Darío Fernández-Morera on Andalusian Spain
Date: December 13th, 2015

In 711 A.D., an Islamic army from North Africa successfully conquered the majority of what is contemporary Spain, issuing in several centuries of Muslim rule on the peninsula.  Beginning with the Enlightenment and continuing to present day, a number of scholars have written that the era of Andalusian Spain was one of religious harmony.  Prof. Darío Fernández-Morera, an associate professor of Spanish & Portuguese at Northwestern University, examines what he calls the “myth of the Andalusian paradise” and the nature of hierocratic rule in medieval Spain.

Our conversation begins with discussion of how Prof. Fernández-Morera came to write on this topic.  The first myth he displaces is the one that language professors in humanities departments only write about grammar and punctuation.  He explains how research professors in departments such as Spanish & Portuguese actually examine a wide variety of topics, from literature to politics and many historical themes.  It was during his own research on Miguel de Cervantes that he came upon a number of scholarly conceptualizations of Islamic Spain that presented the era as one where religious harmony reigned.  Using a variety of sources, including original historical documentation, Darío investigated the truth to these claims.  We lay out the parameters of his study, noting that he is primarily interested in the period of 711 A.D. to the end of the thirteenth century, when Muslims controlled most of Spain except for Galacia and a few other pockets of Christian resistance in the northwest.  He reviews the history of the Islamic conquest and explains why he prefers to use the term Spain instead of Iberia.

We then turn to how Muslims ruled Spain during this period.  Prof. Fernández-Morera notes that non-Muslims had four basic options: 1) convert to Islam; 2) pay the jizya (religious tithe); 3) flee; or 4) be killed.  The rule was so comprehensive that no remains of churches can be found in southern Spain dating back to this era, and Christianity in Granada essentially vanished.  We then look at how other scholars have viewed this era, with Prof. Fernández-Morera, explaining how a general myth of religious harmony and benevolent rule took hold.  He traces this back to the Enlightenment period when more secular scholars sought to denigrate the importance of Christianity in Europe’s history, the development of exoticism and romantic notions of foreign cultures during the 19th century, and more recent versions of Occidentalism that pervade academia today.  He explains the notion of heriocratic government (rule by clerics), the Maliki school of jurisprudence, and how non-Muslims were used as bureaucratic servants.  We review a number of prohibitions that were put into place during this time, including apostasy, blasphemy, and drinking in public.  It was noted that Christians could drink in their own communities, but they were forbidden to sell wine or other liquor to Muslims.  Violations of these rules met with harsh punishments, including execution.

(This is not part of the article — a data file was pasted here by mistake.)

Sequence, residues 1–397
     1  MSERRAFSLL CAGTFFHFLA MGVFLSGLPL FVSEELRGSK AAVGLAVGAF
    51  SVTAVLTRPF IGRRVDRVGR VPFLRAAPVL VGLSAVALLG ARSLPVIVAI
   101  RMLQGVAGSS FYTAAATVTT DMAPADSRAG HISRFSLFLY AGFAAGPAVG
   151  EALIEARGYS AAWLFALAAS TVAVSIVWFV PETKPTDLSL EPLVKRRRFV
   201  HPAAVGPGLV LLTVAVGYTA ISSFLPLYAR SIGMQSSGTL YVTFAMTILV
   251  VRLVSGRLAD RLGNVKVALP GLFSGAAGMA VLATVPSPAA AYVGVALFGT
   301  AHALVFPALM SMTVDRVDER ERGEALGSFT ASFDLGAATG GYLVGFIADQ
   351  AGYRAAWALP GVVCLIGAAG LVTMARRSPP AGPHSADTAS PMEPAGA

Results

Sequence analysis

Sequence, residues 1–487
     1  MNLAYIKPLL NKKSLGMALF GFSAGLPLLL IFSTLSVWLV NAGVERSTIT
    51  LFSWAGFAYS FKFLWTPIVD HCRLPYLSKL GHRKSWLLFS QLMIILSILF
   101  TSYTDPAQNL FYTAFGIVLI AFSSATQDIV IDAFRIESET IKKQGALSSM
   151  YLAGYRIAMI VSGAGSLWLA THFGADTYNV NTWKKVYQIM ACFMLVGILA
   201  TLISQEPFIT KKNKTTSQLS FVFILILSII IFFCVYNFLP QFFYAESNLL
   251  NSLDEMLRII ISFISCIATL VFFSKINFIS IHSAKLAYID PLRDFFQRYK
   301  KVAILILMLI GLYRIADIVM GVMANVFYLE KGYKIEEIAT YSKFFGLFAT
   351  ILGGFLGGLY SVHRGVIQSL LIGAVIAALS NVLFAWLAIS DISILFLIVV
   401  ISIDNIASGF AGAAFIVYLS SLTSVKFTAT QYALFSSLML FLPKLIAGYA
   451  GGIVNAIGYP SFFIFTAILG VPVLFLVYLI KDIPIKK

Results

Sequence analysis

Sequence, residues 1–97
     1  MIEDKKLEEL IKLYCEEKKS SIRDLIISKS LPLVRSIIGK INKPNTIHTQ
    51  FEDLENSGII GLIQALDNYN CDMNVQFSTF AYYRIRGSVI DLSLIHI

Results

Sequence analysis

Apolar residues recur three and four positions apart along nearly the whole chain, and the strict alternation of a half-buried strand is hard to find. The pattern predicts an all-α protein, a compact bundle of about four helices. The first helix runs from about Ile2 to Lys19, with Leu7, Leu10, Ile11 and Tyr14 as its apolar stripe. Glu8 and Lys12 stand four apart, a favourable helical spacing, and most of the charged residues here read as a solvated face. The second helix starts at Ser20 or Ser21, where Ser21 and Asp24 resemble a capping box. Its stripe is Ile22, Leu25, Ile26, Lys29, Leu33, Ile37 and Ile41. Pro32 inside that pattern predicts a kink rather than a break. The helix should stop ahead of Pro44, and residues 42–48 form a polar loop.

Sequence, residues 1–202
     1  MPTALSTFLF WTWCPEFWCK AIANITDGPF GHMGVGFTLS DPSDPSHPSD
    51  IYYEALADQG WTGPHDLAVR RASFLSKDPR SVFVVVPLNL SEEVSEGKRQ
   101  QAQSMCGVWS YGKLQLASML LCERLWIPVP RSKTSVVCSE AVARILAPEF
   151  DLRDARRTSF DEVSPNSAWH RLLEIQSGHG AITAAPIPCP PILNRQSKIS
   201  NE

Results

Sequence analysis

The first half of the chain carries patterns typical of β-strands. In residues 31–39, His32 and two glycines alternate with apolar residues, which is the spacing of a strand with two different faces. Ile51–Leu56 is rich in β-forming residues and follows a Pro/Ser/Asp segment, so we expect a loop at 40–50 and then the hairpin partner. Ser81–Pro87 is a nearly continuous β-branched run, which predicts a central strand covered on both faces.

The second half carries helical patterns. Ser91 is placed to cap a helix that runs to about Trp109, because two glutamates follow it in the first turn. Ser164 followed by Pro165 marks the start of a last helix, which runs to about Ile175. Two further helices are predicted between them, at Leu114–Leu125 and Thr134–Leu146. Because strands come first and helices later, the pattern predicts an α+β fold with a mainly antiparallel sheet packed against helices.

We also examine inter-faith relations, with Darío dispelling the notion of convivencia (or “living in harmony”).  Christians lived separately from Muslims and there were a number of regulations — such as drinking from the same well or dining together — that kept the populations separate.  He also discusses various rules governing the behavior of women, including veiling and prohibitions on females working outside the home.  As to treatment of Jews, Prof. Fernández-Morera points out that they were treated better under Muslim rule than previous Christian rule, and this was largely due to the fact that Muslim rulers wanted to use Jews as a counterpoise to Christian communities (much the way the U.S. has played Sunnis and Shiites off one another in Iraq in the past decade).  We finish with some of Darío’s personal reflection on his study and his thoughts about how his research will be received in a broader academic community.  Recorded: December 8, 2015.



Prof. Darío Fernandez-Morera’s bio at Northwestern University’s Dept. of Spanish & Portuguese.

The Myth of the Andalusian Paradise: Muslims, Christians, and Jews under Islamic Rule in Medieval Spain, by Darío Fernández-Morera.

The Lyre and the Oaten Flute: Garcilaso and the Pastoral, by Darío Fernández-Morera.

Europe and its Encounter with the Amerindians, edited by Darío Fernández-Morera.

Academia and the Survival of Marxist Ideas, by Darío Fernández-Morera.


Rodney Stark on the Crusades.

Murat Iyigun on Monotheism, Conflict, Europe, the Ottomans, and the Blues.

John Owen IV on Confronting Political Islam, Historical Lessons.

Ron Hassner on Sacred Spaces & Holy Conflict.

One Response to “Darío Fernández-Morera on Andalusian Spain”

  1. Wesley says:

    I’m sad that the guest’s voice quality is so poor, this otherwise seemed like a very interesting topic

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